Here’s where I’m going with this blog.

Professional sales people sell themselves everyday…that is their job. We manage current client expectations while at the same time searching for new opportunities to keep our manufacturing plants open, and not only ourselves employed, but our co-workers employed. Our résumé might be our equipment list…not a complete example of what we can do for a client, but a form of introduction non-the-less. We are active in the social media channels but those mediums work only if clients are searching for us. Nobody has unlimited time to wait to be discovered, not the person looking to be employed, or the salesperson looking for work. It’s good to have those channels covered, but the reality is sales people must be more pro-active.

So, if I’m (interesting/knowledgeable/funny/?) enough on the telephone or on paper without sounding like I’m selling or pushy or desperate, I might get an appointment. But, if I don’t nail the client’s need on the head, on what sometimes is my only opportunity, I must continue to find another person who will take the time to see me. If you’ve ever looked for a job, you know how difficult it is to get an interview AND land a job. There is not a rep here at Ussery Printing who I would classify as slick. As a group we are veterans of this industry but still bumble our words on occasion and sometimes don’t get our message across. We’re human, complicated and sometimes fragile….but we’re also resilient, positive and we know we can solve problems ~ we know we would be an asset to your company…we just know it.

The Death of the Movie Theater

Years ago…back in the 80’s when VCR’s were being introduced, word on the street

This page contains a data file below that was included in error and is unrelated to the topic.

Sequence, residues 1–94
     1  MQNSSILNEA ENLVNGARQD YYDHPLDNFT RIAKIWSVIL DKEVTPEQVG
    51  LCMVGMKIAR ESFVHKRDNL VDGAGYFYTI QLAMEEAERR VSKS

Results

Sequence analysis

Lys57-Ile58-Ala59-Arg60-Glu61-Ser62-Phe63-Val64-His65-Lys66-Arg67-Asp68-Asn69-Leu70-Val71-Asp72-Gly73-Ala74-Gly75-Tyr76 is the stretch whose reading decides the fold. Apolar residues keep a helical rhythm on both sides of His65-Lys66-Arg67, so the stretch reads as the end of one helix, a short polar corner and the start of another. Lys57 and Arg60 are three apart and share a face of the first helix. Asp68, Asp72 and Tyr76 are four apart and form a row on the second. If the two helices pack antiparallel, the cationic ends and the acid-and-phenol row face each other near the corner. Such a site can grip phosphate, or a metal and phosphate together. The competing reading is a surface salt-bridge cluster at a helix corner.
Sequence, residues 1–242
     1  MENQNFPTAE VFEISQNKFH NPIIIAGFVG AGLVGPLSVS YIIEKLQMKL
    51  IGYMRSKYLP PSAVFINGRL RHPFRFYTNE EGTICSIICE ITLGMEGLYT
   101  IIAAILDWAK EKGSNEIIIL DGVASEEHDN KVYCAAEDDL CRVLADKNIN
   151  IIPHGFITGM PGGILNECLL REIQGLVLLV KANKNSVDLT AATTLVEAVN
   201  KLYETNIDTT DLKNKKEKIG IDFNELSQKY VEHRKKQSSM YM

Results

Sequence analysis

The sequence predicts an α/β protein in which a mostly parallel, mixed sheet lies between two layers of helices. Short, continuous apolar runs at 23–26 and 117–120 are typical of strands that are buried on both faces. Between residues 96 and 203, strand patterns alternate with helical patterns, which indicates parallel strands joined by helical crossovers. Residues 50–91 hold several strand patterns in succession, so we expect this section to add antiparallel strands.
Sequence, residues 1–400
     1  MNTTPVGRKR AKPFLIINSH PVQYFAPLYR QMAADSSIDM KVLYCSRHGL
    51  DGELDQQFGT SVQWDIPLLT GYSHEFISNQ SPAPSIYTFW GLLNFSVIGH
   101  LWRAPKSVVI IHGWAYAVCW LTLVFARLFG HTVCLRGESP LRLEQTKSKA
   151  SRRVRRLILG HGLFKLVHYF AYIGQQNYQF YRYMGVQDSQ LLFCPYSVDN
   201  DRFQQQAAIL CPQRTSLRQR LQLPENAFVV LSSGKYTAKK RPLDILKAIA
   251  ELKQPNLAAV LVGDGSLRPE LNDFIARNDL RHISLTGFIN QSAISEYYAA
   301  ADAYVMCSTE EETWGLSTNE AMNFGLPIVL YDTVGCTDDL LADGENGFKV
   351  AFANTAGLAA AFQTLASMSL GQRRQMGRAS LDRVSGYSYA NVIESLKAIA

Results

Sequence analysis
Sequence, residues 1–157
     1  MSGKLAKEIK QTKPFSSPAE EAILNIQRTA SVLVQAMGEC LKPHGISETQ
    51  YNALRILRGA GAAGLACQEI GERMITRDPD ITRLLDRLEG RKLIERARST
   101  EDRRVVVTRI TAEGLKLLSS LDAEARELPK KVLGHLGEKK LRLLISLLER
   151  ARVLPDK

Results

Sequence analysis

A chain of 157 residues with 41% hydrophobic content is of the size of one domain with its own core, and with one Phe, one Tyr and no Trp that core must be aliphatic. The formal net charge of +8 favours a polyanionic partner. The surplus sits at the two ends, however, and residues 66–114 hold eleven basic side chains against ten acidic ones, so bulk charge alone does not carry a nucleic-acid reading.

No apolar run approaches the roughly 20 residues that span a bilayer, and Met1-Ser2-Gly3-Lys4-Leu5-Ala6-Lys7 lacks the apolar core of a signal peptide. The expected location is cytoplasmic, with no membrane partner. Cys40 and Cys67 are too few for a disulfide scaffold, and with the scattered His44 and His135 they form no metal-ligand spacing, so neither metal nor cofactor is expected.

was that the movie theater would no longer be needed. Conventional opinion was that nobody would want to, or need to go to a movie theater, since you would now be able to rent movies and watch them in the comfort of your own home. Never mind that the rates weren’t that much different from a movie ticket, but, then again, you could have a group of people watch for only one rental price.

Fast forward decades and the movie theater didn’t fade away, in fact, they grew. Megaplex movie theaters emerged with lots of lights and glam. Although the viewing rooms were made smaller to accommodate many movies, investors made improvements in chair comfort, big screen, big sound and then there’s the IMax. You can’t get that experience at home. The successful movie theaters committed themselves to making positive changes to the movie experience. The theater industry not only grew despite the threat from the movie rentals, but boomed. Who would have thought?

That VCR explosion makes me think about the internet explosion and the conventional opinion that print will no longer be needed. Like the movie rental industry, there will be those situations where the digital version trumps the print version. But what an opportunity for the printing industry to re-invent itself and come out booming.

You Need a Sense of Humor ~

I’ve prayed a lot lately. There are prayers for family, co-workers, people who are sick, and the occasional selfish one that I ask: Please dear God, please let me win the lottery. I’d really like to get all six numbers. Please, please, please? Then I won’t have to work anymore! I promise to do lots of good with the money. Just think of all these people who I’m praying for who need help. I would help them. You get the point. I’m fairly certain most of us have had this talk with God.

Last Saturday night the Texas Lotto was about 17 million and change. Love that…and change. Ha! The “change” is 700,000. So, being the big spender that I am, I played five lines (or $5.00) Of those, three were quick picks and two lines were numbers I chose. A few weeks ago I saw a TV newscast of a statistical mathematician who was giving advice on how to win the lottery. Don’t go with low numbers, popular numbers or quick picks. Really? And how many lotteries have you won?

Anyway, I actually did win the lottery on Saturday night! So, why am I not celebrating in Austin, Texas instead of writing my blog from work on a Wednesday? I did get all six numbers, but on my entire ticket ~ OH, but you need them all to be on the same line to win. And, the winning ticket? It was three numbers on the same line, so I won $3.00.

God has such a great sense of humor. Next time I’ll be more specific.